I went to the pictures tomorrow

Source: Quoted in Iona and Peter Opie, The Lore and Language of Schoolchildren (London/Oxford/New York: Oxford University Press, 1959), p. 25

Text:
I went to the pictures tomorrow
I took a front seat at the back,
I fell from the pit to the gallery
And broke a front bone in my back.
A lady she gave me some chocolate,
I ate it and gave it her back.
I phoned for a taxi and walked it,
And that’s why I never came back.

Kirkcaldy

I went to the pictures next Tuesday
And took a front seat at the back.
I said to the lady behind me,
I cannot see over your hat.
She gave me some well-broken biscuits,
I ate them and gave her them back;
I fell from the pit to the gallery
And broke my front bone at the back.

Enfield

Comments: These are two versions of a popular children’s nonsense rhyme, documented during the 1950s in Kirkaldy (in Scotland) and Enfield (in London) by the folklorists Iona and Peter Opie for their classic compilation The Lore and Language of Schoolchildren. They note that they had found versions of this rhyme at ten schools in the United Kingdom. They suggest that the rhyme could be quite old and may originally have referred to the theatre rather than the cinema. The mention of hats obscuring the view of the audience (even if worn by people behind them) echoes a common complaint of pre-First World War film audiences, which could be further evidence of the rhyme’s long-running popularity among children.

This entry was posted in 1950s, Poetry and rhyme, United Kingdom and tagged , , , , . Bookmark the permalink.

29 Responses to I went to the pictures tomorrow

  1. ness says:

    The version I remember is:
    I went to the pictures tomorrow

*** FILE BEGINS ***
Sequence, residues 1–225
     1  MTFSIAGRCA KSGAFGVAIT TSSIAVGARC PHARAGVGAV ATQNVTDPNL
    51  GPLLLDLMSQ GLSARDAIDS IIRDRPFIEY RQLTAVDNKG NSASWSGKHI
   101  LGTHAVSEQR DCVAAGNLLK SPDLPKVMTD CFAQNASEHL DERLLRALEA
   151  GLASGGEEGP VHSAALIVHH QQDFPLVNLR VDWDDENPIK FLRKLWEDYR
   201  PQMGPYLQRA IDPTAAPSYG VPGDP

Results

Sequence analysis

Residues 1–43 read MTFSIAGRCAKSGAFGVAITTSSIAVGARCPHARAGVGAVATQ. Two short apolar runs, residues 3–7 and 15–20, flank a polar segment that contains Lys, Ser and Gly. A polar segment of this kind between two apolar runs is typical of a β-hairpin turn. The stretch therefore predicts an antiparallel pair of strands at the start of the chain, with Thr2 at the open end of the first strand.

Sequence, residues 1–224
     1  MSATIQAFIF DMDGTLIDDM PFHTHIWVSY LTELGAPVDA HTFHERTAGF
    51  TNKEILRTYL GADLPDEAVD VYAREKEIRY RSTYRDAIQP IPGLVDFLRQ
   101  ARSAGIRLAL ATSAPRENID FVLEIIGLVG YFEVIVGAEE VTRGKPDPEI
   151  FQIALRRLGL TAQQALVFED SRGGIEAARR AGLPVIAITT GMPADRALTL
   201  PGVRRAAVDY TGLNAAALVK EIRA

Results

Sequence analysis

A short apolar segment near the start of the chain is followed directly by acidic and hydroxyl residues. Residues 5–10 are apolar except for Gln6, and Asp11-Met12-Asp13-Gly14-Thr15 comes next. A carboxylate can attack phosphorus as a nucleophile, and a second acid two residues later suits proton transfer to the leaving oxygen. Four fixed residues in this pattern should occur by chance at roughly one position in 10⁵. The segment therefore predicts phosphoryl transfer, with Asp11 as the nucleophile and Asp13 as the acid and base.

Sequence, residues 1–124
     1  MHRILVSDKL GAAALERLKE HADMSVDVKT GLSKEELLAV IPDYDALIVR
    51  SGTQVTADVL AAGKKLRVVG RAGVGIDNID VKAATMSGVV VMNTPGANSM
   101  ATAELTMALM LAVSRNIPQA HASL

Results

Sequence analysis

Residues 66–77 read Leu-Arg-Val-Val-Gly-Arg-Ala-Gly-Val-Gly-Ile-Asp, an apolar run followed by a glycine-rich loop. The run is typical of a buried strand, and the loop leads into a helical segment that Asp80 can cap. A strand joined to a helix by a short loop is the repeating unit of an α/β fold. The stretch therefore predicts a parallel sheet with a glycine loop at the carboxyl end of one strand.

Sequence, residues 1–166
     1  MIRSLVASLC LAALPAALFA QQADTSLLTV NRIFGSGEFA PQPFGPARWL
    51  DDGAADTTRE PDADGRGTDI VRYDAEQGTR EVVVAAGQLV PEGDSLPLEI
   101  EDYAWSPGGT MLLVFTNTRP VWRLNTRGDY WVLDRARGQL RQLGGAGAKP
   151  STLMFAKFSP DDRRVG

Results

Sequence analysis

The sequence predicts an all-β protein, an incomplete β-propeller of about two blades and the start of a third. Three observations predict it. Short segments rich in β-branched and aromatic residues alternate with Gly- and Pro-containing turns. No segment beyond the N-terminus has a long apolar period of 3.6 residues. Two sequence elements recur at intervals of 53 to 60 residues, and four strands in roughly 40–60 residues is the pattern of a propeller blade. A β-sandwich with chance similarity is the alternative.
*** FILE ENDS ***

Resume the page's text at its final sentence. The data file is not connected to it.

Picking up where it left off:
I got a front seat at the back
    I fell from the pit to the gallery
    And broke a thigh bone in my back
    I got a blind man to guide me
    I saw a dead donkey die
    So I took out my dagger to shoot it
    And it landed me one in the eye.

  2. Fantastic version – makes me think of Bunuel and Dali’s Un Chien Andalou (with its dead donkeys).

  3. Sara says:

    My version from Wakefield in Yorkshire 50 plus years ago is:-
    Next Friday I went to the pictures
    I took a front seat at the back
    I said to the lady behind me
    I couldn’t see over her hat.
    She gave me some whole broken biscuits
    I ate them and gave her them back
    I fell from the pit to the gallery
    And broke a front bone in my back

  4. Steve F says:

    The version I remember from 40+ years ago is
    I went to the pictures tomorrow
    I took a front seat in the back
    The woman beside me gave me sweets
    I ate them and gave her them back
    I fell from the floor to the ceiling
    Broke every front bone in me back
    Admission free, pay at the door
    Take a seat and sit on the floor

    • I like those last two lines. There must be as many variants of this as there were playgrounds in the UK forty years ago. I wonder when the rhyme died out (apart from in the memories of those who chanted it when young).

  5. Sara says:

    I reckon these things died out when ‘elf ‘n safety came in and stopped kids running round playgrounds!

  6. I don’t think playground rhymes have died out at all, but this particular one will have done so because ‘going to the pictures’ is no longer a regular part of children’s lives. Unless someone knows better?